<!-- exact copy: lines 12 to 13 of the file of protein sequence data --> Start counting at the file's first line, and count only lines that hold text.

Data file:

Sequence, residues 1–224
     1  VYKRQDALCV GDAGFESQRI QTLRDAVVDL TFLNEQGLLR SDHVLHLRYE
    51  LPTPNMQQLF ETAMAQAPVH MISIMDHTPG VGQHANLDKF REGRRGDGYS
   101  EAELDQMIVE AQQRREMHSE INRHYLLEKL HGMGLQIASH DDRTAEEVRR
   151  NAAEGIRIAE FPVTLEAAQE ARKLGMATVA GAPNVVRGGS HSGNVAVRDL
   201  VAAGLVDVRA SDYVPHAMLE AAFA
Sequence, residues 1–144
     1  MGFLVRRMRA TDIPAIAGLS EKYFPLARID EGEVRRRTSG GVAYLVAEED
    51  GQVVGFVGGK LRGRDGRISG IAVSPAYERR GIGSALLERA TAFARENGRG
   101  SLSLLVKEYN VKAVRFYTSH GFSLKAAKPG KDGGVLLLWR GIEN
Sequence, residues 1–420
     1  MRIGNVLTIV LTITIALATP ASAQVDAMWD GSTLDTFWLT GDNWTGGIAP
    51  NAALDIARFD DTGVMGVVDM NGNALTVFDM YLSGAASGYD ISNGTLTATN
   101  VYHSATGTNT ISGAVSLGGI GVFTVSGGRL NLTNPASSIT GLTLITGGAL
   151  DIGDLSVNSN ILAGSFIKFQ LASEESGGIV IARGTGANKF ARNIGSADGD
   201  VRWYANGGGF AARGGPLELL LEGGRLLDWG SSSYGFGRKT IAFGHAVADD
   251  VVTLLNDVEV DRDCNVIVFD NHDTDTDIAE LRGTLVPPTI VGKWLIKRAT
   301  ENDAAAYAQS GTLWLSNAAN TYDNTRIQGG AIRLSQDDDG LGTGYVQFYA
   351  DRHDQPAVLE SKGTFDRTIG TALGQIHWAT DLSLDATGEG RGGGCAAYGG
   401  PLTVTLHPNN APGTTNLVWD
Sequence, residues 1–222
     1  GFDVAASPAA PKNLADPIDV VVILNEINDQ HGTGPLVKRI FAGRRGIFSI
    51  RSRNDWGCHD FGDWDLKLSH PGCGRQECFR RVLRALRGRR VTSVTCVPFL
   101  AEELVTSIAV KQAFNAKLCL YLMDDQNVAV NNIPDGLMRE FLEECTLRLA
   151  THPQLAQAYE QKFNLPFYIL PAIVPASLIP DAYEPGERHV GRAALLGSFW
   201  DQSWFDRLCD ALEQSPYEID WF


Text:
     1  MRIGNVLTIV LTITIALATP ASAQVDAMWD GSTLDTFWLT GDNWTGGIAP
    51  NAALDIARFD DTGVMGVVDM NGNALTVFDM YLSGAASGYD ISNGTLTATN